An organization that represents state lawmakers from across the U.S. is calling on the federal government to remove marijuana from the Controlled Substances Act.
“The Controlled Substances Act should be amended to remove cannabis from scheduling thus enabling financial institutions the ability to provide banking services to cannabis related businesses,” reads a resolution adopted Monday by the National Conference of State Legislatures (NCSL).
The measure’s whereas clauses highlight roadblocks that marijuana’s current federal status causes for cannabis businesses’ access to basic financial services.
“Without banking options, cannabis related businesses are forced to operate exclusively in cash,” it says. “A large and growing cash-only industry attracts criminal activity and creates substantial public safety risks…and a cash-only industry reduces transparency in accounting and makes it difficult for the state to implement an effective regulatory regime that ensures compliance.”
Last year, NCSL passed a similar resolution that urged the removal of marijuana from Schedule I. By broadening the call to now include a complete removal of cannabis from the entire scheduling system, the state lawmakers are in line with a major provision of a new federal bill introduced last week by U.S. Sen. Cory Booker (D-NJ).
“Americans across the nation have weighed in on this issue. We are asking the federal government to remove cannabis from scheduling so that we can forge ahead with life-changing cannabis medical research,” Oregon Sen. Ted Ferrioli (R), who worked for the resolution’s passage, said in a press release. “Flawed federal cannabis policy is perpetuating the mentality of Prohibition, enabling foreign and domestic gangster cartels and wasting precious public safety resources.”
Legislators at the NCSL convention also considered –but did not pass — a separate resolution that said the organization “believes that medical cannabis can be an effective tool in combating the national opioid crisis and urges the federal government to grant states the authority to create their own medical cannabis polices.”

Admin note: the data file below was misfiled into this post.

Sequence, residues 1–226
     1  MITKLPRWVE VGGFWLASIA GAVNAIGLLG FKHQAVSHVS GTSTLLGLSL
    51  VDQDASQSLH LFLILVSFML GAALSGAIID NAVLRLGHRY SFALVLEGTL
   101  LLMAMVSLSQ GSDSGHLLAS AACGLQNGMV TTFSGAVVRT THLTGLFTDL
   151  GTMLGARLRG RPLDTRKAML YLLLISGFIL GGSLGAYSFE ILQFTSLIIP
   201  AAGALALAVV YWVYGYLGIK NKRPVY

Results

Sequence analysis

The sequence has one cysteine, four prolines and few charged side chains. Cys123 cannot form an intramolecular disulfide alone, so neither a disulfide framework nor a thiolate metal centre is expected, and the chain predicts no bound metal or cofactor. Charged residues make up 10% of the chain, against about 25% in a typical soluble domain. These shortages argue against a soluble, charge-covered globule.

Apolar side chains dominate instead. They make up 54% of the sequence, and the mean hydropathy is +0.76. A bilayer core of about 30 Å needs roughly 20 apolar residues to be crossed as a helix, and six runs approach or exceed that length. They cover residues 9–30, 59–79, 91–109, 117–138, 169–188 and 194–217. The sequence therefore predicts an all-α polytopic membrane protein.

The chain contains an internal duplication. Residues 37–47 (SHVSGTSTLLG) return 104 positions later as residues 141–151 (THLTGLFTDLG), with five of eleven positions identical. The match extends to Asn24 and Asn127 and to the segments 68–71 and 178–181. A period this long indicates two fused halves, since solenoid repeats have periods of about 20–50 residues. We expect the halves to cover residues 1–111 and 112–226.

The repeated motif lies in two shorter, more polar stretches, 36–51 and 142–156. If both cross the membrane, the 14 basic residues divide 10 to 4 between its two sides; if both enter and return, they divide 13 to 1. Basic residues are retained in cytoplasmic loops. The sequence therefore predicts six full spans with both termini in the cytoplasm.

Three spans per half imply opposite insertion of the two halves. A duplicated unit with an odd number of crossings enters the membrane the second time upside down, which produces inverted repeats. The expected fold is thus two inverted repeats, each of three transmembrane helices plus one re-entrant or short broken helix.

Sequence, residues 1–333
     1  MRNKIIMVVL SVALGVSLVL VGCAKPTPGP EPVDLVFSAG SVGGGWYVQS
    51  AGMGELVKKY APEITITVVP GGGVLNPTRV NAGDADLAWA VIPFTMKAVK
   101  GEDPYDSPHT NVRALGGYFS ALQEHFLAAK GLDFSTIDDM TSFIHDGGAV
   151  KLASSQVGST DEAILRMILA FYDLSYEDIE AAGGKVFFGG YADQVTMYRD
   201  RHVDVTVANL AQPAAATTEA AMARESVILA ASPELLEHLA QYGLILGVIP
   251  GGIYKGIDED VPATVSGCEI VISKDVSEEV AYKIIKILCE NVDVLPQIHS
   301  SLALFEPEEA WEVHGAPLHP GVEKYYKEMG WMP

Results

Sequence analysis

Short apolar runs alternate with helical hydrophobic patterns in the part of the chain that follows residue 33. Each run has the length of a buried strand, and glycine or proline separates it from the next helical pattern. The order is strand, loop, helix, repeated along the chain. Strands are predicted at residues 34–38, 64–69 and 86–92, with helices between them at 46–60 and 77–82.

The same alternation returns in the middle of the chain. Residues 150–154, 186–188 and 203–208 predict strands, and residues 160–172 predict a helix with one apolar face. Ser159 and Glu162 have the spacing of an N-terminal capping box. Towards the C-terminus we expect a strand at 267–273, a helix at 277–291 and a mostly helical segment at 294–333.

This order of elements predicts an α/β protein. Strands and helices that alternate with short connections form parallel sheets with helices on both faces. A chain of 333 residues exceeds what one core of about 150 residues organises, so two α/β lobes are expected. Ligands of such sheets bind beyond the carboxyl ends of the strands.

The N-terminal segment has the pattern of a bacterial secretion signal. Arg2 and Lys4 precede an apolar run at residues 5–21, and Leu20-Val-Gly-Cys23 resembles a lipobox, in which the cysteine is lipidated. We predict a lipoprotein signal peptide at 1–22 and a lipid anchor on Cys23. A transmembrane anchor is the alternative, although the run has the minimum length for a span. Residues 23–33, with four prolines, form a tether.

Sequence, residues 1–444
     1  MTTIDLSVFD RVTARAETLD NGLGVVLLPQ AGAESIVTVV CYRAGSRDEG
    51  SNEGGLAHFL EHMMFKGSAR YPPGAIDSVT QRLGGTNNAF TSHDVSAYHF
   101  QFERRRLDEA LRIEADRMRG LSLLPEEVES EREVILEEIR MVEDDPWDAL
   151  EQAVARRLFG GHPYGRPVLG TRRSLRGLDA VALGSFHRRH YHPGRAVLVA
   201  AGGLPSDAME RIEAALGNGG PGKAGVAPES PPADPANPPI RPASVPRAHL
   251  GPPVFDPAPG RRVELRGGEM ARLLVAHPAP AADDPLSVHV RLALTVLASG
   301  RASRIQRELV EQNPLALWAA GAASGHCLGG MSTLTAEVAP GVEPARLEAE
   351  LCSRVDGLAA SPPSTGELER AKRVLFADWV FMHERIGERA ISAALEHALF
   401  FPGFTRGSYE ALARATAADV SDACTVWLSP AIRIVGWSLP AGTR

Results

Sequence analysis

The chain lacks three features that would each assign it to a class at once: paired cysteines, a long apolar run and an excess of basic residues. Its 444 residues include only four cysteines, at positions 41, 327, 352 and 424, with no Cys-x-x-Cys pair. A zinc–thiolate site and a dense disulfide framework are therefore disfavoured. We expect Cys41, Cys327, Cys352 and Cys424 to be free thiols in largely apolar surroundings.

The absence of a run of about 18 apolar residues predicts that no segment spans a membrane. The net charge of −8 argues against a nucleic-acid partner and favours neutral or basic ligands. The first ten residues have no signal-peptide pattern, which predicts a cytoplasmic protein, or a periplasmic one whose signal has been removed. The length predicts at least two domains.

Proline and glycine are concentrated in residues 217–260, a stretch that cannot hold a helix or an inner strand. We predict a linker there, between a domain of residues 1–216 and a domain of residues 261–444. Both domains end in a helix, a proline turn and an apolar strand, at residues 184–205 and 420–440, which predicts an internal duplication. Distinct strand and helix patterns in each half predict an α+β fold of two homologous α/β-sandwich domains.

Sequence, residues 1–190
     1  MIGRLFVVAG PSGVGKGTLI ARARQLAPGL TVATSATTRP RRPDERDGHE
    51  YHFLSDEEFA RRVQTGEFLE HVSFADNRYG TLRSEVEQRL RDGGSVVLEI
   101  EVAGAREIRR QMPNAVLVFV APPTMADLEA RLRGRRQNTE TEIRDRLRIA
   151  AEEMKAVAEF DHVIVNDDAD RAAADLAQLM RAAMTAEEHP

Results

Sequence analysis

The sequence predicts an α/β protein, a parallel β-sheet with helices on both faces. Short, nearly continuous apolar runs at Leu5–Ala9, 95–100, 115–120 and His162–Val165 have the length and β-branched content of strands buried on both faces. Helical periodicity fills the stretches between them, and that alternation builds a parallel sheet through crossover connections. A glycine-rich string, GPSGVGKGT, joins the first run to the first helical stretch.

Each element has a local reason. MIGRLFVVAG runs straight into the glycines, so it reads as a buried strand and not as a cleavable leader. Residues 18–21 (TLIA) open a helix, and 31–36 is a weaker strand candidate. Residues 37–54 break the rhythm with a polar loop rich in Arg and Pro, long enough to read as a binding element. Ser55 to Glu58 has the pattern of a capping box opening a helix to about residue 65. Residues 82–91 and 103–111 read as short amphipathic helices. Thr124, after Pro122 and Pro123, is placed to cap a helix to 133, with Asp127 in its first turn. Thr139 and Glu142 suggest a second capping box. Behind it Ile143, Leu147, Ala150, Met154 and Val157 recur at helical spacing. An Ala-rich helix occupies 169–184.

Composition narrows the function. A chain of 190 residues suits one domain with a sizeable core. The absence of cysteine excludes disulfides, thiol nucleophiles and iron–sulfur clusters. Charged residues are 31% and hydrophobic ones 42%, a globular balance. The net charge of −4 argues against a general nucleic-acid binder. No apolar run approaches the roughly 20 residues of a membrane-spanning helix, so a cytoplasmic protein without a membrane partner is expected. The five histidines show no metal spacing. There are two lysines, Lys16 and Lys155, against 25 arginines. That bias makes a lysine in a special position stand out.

Calling on the federal government to “make medical cannabis policy a national priority to expand access to affordable medicine,” the measure points out that “there is ample evidence that states that have medical cannabis programs have accomplished a significant reduction in the number of opioid related deaths with resulting fewer hospitalizations related to opioid related deaths in states that have passed medical cannabis programs.”
But the organization’s Health and Human Services Committee opted on Sunday to defer a vote on that measure until a separate event later this year.
In 2015, the group adopted a resolution urging that “federal laws, including the Controlled Substances Act, should be amended to explicitly allow states to set their own marijuana and hemp policies without federal interference.”
The passage of the new resolution calling for marijuana to be descheduled comes amid growing concern and uncertainty about the Trump administration’s position on state marijuana laws.
While Trump repeatedly pledged to respect state marijuana laws during the campaign, U.S. Attorney General Jeff Sessions is a longtime vocal opponent of legalization.